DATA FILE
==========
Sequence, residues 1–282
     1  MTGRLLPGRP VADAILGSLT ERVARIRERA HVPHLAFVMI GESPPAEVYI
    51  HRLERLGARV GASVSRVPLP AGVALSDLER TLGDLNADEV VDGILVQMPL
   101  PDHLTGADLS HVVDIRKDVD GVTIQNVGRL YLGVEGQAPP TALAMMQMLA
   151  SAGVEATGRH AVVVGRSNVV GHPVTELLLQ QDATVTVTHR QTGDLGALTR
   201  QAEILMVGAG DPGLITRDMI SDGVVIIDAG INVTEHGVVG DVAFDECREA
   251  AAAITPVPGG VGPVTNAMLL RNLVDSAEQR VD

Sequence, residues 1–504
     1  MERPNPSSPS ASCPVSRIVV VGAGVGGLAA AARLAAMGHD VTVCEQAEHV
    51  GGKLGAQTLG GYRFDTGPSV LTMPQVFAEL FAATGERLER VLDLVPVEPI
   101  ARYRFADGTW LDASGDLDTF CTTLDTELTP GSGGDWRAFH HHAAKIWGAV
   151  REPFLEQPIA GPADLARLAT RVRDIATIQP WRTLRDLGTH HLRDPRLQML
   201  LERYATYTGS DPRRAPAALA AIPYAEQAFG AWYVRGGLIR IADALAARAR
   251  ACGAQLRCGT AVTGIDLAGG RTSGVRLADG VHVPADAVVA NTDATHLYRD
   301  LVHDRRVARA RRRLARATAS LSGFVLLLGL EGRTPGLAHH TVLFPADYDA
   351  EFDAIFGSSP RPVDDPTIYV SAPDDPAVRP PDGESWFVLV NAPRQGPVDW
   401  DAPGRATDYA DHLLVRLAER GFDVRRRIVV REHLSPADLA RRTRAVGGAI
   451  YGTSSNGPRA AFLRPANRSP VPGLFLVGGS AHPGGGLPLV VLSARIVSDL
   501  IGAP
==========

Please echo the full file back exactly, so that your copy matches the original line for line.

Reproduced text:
Sequence, residues 1–282
     1  MTGRLLPGRP VADAILGSLT ERVARIRERA HVPHLAFVMI GESPPAEVYI
    51  HRLERLGARV GASVSRVPLP AGVALSDLER TLGDLNADEV VDGILVQMPL
   101  PDHLTGADLS HVVDIRKDVD GVTIQNVGRL YLGVEGQAPP TALAMMQMLA
   151  SAGVEATGRH AVVVGRSNVV GHPVTELLLQ QDATVTVTHR QTGDLGALTR
   201  QAEILMVGAG DPGLITRDMI SDGVVIIDAG INVTEHGVVG DVAFDECREA
   251  AAAITPVPGG VGPVTNAMLL RNLVDSAEQR VD

Sequence, residues 1–504
     1  MERPNPSSPS ASCPVSRIVV VGAGVGGLAA AARLAAMGHD VTVCEQAEHV
    51  GGKLGAQTLG GYRFDTGPSV LTMPQVFAEL FAATGERLER VLDLVPVEPI
   101  ARYRFADGTW LDASGDLDTF CTTLDTELTP GSGGDWRAFH HHAAKIWGAV
   151  REPFLEQPIA GPADLARLAT RVRDIATIQP WRTLRDLGTH HLRDPRLQML
   201  LERYATYTGS DPRRAPAALA AIPYAEQAFG AWYVRGGLIR IADALAARAR
   251  ACGAQLRCGT AVTGIDLAGG RTSGVRLADG VHVPADAVVA NTDATHLYRD
   301  LVHDRRVARA RRRLARATAS LSGFVLLLGL EGRTPGLAHH TVLFPADYDA
   351  EFDAIFGSSP RPVDDPTIYV SAPDDPAVRP PDGESWFVLV NAPRQGPVDW
   401  DAPGRATDYA DHLLVRLAER GFDVRRRIVV REHLSPADLA RRTRAVGGAI
   451  YGTSSNGPRA AFLRPANRSP VPGLFLVGGS AHPGGGLPLV VLSARIVSDL
   501  IGAP